p h e n o m e n a l . 
(^ necessary)

My mom reported that the lemongrass soup, filled with chicken, wonton crisps, and cilantro is the the best soup she's ever had. <~~(who does she sound like?) She even ranked it above the chicken soup at PF Chang's, which she's totally obsessed with.

For my meal, I ordered the garden sammie with a side of quinoa and acorn squash.

The garden sammie, though not as jaw-dropping as the truffled egg salad, was also top-notch. In between two fresh slices of ciabatta bread lives a layer of avocado, brussels sprouts, hummus, oven dried tomato, sprouts, cauliflower, and pickled onions. The first major standout in the sandwich was the layer of avocado, which was really in my opinion a light, zesty guacamole. It balanced out superbly with the smokiness of the brussels sprouts (whoever invented brussels sprouts on a sandwich, I'd like to give you a fat kiss on the mouth) and fluffiness of the cauliflower (which for the record, is not listed as one of the ingredients on the online menu, hello magical surprise!).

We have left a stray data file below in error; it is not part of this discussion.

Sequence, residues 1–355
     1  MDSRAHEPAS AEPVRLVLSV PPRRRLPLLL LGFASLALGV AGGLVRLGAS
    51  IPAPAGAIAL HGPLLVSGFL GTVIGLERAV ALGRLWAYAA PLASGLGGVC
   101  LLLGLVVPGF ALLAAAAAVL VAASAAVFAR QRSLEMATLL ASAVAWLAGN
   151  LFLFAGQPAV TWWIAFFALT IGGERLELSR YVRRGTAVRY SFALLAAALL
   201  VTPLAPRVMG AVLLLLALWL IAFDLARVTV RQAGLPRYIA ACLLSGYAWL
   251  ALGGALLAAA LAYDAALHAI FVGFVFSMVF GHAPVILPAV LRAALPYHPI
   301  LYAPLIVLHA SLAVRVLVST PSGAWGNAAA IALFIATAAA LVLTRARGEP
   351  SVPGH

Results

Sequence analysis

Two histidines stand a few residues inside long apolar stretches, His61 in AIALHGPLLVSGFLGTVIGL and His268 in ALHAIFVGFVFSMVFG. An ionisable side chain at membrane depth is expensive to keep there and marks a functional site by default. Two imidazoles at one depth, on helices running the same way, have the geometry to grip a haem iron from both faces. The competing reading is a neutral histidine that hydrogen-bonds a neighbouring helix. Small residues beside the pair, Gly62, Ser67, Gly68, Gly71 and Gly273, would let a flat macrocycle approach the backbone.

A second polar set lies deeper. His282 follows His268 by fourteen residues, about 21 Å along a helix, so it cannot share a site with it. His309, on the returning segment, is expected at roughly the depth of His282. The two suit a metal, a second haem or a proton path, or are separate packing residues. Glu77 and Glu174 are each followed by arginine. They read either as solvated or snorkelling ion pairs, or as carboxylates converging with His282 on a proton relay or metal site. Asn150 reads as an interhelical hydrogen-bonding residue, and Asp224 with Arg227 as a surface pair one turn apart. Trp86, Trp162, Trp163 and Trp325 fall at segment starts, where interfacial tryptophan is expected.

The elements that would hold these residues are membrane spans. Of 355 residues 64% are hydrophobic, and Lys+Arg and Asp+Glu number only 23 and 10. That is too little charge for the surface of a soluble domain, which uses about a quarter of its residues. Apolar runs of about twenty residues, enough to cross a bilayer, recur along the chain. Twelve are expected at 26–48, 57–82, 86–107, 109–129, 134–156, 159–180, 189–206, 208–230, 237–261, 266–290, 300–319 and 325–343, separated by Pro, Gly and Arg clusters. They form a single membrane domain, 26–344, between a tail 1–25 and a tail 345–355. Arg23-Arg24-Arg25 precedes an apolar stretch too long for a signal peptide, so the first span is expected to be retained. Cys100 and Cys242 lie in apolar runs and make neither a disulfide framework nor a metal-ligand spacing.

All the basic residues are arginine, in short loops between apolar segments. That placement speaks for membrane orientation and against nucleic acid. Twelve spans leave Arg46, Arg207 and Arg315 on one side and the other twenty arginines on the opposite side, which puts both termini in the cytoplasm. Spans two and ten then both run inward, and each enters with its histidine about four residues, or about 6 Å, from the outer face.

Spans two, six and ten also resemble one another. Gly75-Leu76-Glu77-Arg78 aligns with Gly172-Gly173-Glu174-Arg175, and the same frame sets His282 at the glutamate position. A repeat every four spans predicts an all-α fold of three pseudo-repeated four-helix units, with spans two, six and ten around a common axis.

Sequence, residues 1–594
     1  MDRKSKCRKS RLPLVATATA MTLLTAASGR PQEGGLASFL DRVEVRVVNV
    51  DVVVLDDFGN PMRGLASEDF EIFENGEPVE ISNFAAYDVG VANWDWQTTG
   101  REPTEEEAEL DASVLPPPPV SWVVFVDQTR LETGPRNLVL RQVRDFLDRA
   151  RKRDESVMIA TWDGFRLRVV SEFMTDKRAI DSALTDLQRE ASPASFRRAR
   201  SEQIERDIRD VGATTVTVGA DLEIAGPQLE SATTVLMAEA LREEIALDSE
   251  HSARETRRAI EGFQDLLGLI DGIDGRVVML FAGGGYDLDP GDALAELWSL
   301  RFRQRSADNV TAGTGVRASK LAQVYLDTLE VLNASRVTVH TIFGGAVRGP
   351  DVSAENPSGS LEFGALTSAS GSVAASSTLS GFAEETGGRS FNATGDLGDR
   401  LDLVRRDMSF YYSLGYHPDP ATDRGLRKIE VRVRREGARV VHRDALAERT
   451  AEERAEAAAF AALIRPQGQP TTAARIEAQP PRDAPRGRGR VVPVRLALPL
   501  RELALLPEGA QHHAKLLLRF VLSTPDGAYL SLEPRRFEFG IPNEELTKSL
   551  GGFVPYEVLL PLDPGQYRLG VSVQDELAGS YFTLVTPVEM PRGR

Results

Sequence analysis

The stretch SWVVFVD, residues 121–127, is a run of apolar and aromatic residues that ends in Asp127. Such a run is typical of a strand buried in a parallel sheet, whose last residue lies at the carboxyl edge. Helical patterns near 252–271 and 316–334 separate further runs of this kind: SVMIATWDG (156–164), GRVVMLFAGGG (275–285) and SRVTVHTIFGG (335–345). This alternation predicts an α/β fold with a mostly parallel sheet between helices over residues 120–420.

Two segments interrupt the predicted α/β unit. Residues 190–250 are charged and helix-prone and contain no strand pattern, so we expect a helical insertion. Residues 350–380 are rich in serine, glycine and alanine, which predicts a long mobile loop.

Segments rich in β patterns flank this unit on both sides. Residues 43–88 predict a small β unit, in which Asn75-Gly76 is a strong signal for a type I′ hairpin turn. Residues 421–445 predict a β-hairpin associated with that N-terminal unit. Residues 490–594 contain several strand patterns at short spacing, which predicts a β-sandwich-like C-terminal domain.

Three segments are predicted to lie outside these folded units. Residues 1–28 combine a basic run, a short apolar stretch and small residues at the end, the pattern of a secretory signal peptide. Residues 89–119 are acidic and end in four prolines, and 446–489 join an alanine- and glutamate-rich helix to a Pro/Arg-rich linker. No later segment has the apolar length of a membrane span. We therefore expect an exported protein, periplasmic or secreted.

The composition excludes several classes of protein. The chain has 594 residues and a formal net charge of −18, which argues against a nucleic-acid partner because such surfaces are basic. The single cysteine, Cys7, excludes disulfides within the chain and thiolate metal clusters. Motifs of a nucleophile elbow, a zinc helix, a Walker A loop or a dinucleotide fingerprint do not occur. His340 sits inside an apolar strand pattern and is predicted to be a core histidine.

The quinoa contained cauliflower, lentils, walnuts, and pomegranate seeds. The sweet pomegranate seeds added a nice zing against the more prominent nutty, earthy, peppery flavors of the dish. It was an interesting and unique side, but I'd probably try a different one next time.

The acorn squash was combined with green beans and red potatoes in a ginger curry base. This was definitely my favorite of the two sides. It was rich, soft, intricate, and absolutely delightful.

The folks at Local Foods have really hit it out of the park. The space is inviting and fun, the crowd is buzzing and vibrant, and the food is fresh, complex, perfectly executed, and downright amazing!

I wonder if they'd let me bring my dog in.

Local Foods on Urbanspoon